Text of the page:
11. TomB Administrative Assistant

    It appeared in many decks, caused many hissy fits, and forced all smart old school players to play with all their cards spread out, so as to avoid having the Orb touch too much when it fell.

    It took me YEARS to unlearn the habit of having my side of the playing field more closely resemble a game of Concentration (with all the cards face up)...:eek:
  12. Spiderman CPA Man in Tights, Dopey Administrative Assistant

    I've never seen it in action either. And I don't know how tightly players played with their side of the table and their cards. But if it was played alot before its banning, it had to be somewhat useful. Deck building wasn't THAT bad back then :)
  13. Oversoul The Tentacled One

    No, and it isn't that bad now either. But I can picture something like Chaos Orb or Falling Star seeing a lot of use nowadays, even if its effect wasn't all that great (just on the off-chance that a lucky throw could be made). Still, I have heard a lot of "Chaos Orb" stories from days gone by, and it makes me wonder how common such occurences were. I can't picture having much luck with the card, but apparently some people did...
  14. Spiderman CPA Man in Tights, Dopey Administrative Assistant

    Actually, it WAS that bad compared to today. No one really knew the theory of the "mana curve" that was introduced with the Sligh deck. Card advantage was just beginning to be understood, either in terms of drawing or board position or whatever (Zak said he was convinced by a buddy? to take out Balance!)

    Individuals might have known them but it wasn't widespread (Zak said in following articles in the Duelist how he realized faster tempo playing ala more lands or mana artifacts; drawing cards; or denying his opponent lands was very beneficial and to his advantage while building his Championship deck).
  15. Oversoul The Tentacled One

    Okay, I thought you said it was NOT that bad earlier. How bad is "that" bad anyway?

    I mean, the rest of your post seems fine to me. But with this first line, you seem to be sending mixed messages...
  16. Ferret CPA Founder, Slacker

    True. Nowadays, there isn't that much Deck building. The sets being pumped out make deck synergy almost too easy in Standard. Someone takes a look at how to build a strong deck and everyone else uses it. I know that's been going on for over a decade, but back then the first guy that built the deck actually had to go through dozens of revisions before the deck worked the way they wanted it. Now, all you have to do is get a pre-con deck and tweak it until it's what you want to use to win. Then, everyone clones it and the rest of us get bored.

    -Ferret

    "ZZZZZZZZZZZZZZZZZZZZZZZZZZZZZZZZZZZZZ"
  17. Force of Will Smith New Member

    yeah right now... im doing to make an extended deck that exploits

    one with nothing
    jeweled amulet
    scroll of origin
    ideas unbound
    \
    its hard :(
  18. Oversoul The Tentacled One

    Well, I guess I'm plugging the formats I actually follow (again). But in Vintage and Legacy, each new set enters a much larger card pool than it does in Standard, and only a few cards ever make it into existing decks or create new ones. Of course, there's still netdecking and all that, but the only environment that can avoid being cut-throat is a casual one (and here I think Legacy is friendlier to casual players than any other tournament format).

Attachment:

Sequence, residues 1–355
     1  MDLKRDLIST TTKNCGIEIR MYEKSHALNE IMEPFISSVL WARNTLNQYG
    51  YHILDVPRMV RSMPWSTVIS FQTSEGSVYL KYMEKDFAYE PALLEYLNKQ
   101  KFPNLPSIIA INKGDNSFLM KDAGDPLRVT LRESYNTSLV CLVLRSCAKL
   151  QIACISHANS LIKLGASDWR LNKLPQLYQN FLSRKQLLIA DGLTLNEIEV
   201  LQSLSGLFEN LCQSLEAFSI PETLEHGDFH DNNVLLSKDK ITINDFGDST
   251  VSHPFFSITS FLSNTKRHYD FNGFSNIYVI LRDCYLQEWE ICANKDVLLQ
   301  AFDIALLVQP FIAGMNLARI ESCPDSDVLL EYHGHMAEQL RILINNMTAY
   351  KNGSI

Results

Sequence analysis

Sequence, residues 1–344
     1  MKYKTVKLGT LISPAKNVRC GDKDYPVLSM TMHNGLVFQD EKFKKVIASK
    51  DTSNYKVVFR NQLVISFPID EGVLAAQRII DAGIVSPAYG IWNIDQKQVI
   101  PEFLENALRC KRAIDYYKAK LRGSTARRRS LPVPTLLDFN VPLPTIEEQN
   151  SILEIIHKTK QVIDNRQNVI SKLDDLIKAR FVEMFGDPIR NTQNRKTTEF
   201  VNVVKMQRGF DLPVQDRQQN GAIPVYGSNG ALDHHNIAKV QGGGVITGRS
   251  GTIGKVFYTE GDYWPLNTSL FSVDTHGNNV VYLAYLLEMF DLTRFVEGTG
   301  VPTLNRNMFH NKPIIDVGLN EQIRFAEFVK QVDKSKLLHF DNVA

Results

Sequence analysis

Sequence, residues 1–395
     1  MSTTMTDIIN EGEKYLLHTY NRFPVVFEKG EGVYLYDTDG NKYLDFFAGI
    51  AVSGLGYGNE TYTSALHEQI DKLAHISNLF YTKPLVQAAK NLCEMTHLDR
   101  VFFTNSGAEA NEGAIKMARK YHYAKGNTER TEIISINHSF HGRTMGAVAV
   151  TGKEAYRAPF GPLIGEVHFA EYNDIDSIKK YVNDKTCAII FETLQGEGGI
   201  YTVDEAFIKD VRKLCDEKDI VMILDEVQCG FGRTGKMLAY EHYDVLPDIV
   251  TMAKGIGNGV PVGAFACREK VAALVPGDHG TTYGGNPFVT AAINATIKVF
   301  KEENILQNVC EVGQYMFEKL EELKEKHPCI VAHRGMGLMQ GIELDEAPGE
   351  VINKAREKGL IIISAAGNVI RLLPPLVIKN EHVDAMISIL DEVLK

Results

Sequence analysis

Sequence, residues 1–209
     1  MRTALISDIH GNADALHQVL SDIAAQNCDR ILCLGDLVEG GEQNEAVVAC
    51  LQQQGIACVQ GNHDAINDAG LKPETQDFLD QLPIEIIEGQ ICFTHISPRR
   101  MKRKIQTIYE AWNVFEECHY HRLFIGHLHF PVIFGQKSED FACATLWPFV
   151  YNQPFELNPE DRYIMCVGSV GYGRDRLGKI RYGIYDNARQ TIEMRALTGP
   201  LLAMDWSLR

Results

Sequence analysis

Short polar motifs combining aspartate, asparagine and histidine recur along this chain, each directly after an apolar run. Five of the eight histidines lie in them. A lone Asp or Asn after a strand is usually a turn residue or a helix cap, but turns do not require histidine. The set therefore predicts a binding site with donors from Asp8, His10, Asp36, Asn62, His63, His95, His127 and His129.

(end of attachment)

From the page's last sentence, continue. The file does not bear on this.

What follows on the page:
At least the netdecks are being made by the ingenuity of some of the players, rather than being almost entirely driven by synergies built into sets by WotC...
  19. Spiderman CPA Man in Tights, Dopey Administrative Assistant

    You're right, I'm not sure what I was thinking either <scratches head>

    I slightly disagree with Ferret; although the pre-cons seem to make deck building easier, on first glance they're really nothing no one's not going to put together anyway. I don't think anyone's going to win a tourney with a pre-con straight out of the box - it's the tweaking of it that matters and that's still "deck building". The Internet just speeds the availability of the info; if it had been around then, there's no doubt that Zak and Bertrem's deck would have been posted right away and Mark Rosewater wouldn't have been able to control it, unlike it just being published in the Duelist or whatever.

    Sets do have more of a "theme" now instead of the more "random" spells and creatures from Alpha/Beta, but Fallen Empires clearly had themes and cards you could build around and that was 95. Same with Ice Age, another big release that year.
  20. Oversoul The Tentacled One

    You bring up a good point. However, I also see what Ferret is getting at. The synergies between cards nowadays (although I'd pinpoint the beginning of this at Invasion) seem to be created deliberately in order to mandate what sort of decks will be played (in Standard, at least). Of course, older sets do have some cards that seem made for each other (When Sengir Autocrat was printed, I'm sure some players thought immediately of Hecatomb, and there are more obvious ones like Academy Rector/Yawgmoth's Bargain in the same set). So I think it's true that there have always been somewhat obvious synergies in Magic. And, as you pointed out, there is still some amount of deckbuilding.

    There were themes in Fallen Empires (and further back, for that matter) that one could build a deck around, I agree. Perhaps the difference then, is that now one can't build a competitive deck (at least not in formats like Standard, where the cardpool is so small) that is NOT based around the themes given to a set or block...